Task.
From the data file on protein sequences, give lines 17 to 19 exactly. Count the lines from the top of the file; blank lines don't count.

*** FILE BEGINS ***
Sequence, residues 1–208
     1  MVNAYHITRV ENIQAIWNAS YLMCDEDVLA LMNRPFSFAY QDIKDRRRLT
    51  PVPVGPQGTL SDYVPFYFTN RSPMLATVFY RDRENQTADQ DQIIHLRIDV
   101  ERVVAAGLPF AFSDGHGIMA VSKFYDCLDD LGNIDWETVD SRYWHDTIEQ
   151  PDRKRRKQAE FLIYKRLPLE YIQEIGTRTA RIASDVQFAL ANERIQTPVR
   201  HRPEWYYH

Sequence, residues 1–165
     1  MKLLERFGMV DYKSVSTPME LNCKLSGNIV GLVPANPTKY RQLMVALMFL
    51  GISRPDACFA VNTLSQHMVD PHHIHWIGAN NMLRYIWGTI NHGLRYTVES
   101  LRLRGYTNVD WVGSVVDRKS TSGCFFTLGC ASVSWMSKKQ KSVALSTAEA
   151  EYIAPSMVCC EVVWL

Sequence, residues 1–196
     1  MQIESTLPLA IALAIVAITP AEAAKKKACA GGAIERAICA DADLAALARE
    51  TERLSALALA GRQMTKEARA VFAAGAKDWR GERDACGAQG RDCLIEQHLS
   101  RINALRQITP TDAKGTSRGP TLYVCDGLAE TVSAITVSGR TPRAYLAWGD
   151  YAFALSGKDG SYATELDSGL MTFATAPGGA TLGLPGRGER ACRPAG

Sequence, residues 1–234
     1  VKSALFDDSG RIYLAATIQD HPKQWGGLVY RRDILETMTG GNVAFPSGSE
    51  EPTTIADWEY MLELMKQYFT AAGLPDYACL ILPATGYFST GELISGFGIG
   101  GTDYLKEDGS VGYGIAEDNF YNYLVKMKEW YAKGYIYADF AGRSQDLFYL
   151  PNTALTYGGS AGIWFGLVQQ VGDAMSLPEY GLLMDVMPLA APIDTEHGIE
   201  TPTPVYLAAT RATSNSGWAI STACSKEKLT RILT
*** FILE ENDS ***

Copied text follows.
Sequence, residues 1–234
     1  VKSALFDDSG RIYLAATIQD HPKQWGGLVY RRDILETMTG GNVAFPSGSE
    51  EPTTIADWEY MLELMKQYFT AAGLPDYACL ILPATGYFST GELISGFGIG